200K Deportation Cases Dismissed for Late Paperwork

Razor wire fence near the Rio Grande River | Photo by Brandon Bell/Getty Images

Roughly 200,000 migrants have had their deportation cases dismissed since 2020 after the Department of Homeland Security failed to file the required documents.

A new report from the Transactional Records Access Clearinghouse (TRAC) at Syracuse University found that the Department of Homeland Security (DHS) failed to submit “Notice to Appear” (NTA) papers for a massive number of deportation cases.

Deportation cases begin when DHS issues an NTA that presents allegations about why the non-citizen can and should be deported to their home country. However, a failure to file this paperwork with the immigration court means the case must be dismissed since the court would have no jurisdiction.

Over 41 months from the start of FY2021 to the end of February 2024, 9% of all deportation cases were dropped. FY2021 saw the greatest share of cases dismissed, at 10.6%.

According to the TRAC study, the largest number of dismissals occurred during FY2022, when the courts were forced to drop 79,592 cases due to DHS’s failure to submit NTA papers.

The total number of dismissals remained high during FY2023 at 68,869, but the proportion of dismissals dropped to 4.8% for the year.

A concerning trend has emerged since 2020 in the lack of NTAs reissued to migrants once the initial cases were dropped, as “DHS Only Rectifies Dismissals for One in Four Immigrants,” the TRAC report noted.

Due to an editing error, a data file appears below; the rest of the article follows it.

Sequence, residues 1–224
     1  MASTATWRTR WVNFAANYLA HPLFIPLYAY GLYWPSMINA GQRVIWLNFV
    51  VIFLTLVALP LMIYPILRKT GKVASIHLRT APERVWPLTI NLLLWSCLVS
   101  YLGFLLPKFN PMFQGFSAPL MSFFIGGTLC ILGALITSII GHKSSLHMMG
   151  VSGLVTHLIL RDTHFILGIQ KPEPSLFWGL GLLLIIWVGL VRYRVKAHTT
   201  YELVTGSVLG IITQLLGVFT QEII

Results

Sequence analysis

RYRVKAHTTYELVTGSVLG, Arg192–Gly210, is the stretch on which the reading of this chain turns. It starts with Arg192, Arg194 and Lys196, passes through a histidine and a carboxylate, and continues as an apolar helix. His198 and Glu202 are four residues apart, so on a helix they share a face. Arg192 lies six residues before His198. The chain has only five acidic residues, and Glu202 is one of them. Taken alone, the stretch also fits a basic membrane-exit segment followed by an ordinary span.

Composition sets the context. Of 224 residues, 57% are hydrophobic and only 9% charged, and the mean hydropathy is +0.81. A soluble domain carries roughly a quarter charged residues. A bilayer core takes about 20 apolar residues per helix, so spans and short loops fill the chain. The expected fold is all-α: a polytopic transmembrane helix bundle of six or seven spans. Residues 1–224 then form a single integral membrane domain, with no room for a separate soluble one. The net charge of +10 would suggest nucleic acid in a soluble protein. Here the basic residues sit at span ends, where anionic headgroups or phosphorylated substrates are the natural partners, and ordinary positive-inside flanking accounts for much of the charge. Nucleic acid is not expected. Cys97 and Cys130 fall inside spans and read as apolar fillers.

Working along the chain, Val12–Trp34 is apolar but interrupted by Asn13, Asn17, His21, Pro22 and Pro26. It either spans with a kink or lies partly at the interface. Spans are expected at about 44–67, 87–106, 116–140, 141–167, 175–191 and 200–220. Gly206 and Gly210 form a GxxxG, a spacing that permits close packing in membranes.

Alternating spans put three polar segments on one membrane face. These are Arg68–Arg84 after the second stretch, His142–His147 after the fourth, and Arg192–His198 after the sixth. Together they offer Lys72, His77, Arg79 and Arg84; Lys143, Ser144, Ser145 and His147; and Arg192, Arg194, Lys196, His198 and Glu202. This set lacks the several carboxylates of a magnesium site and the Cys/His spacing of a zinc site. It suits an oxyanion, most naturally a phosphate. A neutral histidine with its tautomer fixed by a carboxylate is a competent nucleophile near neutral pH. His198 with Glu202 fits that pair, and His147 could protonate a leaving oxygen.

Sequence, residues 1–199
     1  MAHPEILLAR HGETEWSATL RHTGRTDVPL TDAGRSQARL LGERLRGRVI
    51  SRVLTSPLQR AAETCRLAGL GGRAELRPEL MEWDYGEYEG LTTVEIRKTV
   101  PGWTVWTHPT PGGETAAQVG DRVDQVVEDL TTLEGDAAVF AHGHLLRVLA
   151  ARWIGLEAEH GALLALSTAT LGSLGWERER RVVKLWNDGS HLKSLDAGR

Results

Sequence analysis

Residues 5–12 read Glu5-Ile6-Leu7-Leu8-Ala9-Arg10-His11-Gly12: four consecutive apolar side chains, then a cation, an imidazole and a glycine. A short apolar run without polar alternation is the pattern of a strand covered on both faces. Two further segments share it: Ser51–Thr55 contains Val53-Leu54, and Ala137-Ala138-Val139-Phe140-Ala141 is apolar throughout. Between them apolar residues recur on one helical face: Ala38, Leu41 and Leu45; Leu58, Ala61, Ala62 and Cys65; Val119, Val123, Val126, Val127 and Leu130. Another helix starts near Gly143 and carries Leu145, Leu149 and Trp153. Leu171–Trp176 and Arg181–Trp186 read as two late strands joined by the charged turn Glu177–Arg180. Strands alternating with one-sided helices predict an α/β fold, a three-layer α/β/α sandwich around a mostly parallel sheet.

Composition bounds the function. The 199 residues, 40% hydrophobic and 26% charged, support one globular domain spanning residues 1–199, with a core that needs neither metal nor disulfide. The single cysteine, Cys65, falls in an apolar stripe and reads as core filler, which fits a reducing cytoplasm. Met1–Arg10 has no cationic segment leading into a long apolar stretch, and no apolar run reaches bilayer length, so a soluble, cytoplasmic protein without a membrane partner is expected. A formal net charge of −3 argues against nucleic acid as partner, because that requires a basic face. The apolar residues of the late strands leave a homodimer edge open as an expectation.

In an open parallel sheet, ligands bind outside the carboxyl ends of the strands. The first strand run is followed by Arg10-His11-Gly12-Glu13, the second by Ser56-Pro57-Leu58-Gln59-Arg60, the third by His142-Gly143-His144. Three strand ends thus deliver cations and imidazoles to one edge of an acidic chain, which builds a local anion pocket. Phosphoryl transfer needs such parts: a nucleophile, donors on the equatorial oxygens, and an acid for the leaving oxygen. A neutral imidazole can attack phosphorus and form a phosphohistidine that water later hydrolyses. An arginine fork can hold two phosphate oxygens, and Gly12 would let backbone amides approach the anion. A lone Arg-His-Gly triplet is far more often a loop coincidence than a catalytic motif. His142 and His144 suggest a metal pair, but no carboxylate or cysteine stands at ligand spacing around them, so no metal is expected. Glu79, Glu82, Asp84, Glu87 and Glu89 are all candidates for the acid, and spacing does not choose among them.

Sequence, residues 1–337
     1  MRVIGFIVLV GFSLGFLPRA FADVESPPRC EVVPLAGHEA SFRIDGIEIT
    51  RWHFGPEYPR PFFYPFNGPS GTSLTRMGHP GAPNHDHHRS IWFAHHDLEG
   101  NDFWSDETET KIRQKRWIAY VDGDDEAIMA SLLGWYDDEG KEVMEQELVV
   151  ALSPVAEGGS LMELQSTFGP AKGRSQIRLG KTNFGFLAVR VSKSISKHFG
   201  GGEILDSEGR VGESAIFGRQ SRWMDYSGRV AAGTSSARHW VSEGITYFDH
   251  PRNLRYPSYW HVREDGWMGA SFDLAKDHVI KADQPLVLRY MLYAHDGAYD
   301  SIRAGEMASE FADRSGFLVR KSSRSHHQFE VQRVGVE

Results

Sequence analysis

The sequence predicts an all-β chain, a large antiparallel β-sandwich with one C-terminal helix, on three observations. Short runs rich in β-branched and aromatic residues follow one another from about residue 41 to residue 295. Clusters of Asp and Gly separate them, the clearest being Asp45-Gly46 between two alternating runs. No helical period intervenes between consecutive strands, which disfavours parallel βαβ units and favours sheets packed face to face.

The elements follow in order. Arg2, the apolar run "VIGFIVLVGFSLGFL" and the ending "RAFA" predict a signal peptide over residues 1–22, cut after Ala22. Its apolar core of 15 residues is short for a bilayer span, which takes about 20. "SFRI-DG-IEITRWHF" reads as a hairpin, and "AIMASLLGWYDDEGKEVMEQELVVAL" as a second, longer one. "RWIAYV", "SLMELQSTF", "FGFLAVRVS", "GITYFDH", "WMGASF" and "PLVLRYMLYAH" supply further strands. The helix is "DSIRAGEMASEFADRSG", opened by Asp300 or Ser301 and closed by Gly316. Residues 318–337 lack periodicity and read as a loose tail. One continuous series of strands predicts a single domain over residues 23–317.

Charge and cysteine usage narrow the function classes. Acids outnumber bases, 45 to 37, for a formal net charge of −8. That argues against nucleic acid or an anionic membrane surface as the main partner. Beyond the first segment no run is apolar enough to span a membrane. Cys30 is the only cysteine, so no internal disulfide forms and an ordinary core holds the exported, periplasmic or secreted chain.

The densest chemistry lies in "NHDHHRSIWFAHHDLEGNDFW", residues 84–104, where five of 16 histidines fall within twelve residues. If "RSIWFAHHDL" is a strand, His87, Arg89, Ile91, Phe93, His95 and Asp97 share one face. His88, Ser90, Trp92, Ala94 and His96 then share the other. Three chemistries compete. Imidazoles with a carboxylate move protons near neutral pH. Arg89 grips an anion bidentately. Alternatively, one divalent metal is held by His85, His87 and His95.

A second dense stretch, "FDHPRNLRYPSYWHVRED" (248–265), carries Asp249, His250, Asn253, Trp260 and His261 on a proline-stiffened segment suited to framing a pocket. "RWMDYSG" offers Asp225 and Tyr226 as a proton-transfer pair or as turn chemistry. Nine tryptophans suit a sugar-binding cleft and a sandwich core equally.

Additionally, there have been 1,913 cases in which DHS failed to submit the paperwork on time more than once, meaning that the agency had to reissue paperwork three or more times in certain instances.

These deportation dismissals have been occurring as the U.S. continues to deal with a crisis along the southern border due to a vast number of unlawful crossings.

Since Biden took office in 2021, U.S. Customs and Border Protection has reported more than 7.5 million encounters with unlawful migrants along the border the country shares with Mexico. Similarly, the House Homeland Security Committee has reported that an estimated 1.7 million “got-aways” — meaning people who unlawfully crossed the border but avoided being detained by CBP — have crossed the border during the same period.

Although a previous bipartisan national security supplemental package would have allocated funds for border security measures to help manage the crisis, House Republicans prevented the bill from passing due to concerns about the large number of unlawful crossings permitted under the legislation and the significant allocation of funds it allocated to assist foreign countries.

The bill would have allowed 5,000 migrants to unlawfully enter the U.S. before a shutdown of the border was triggered, meaning an estimated 1.8 million people would be allowed to cross each year, as previously reported by The Dallas Express.

Additionally, the package would have provided more than $80 billion to foreign countries while allocating just $20.23 billion to “address existing operational needs and expand capabilities at our nation’s borders, resource the new border policies included in the package, and help stop the flow of fentanyl and other narcotics.”

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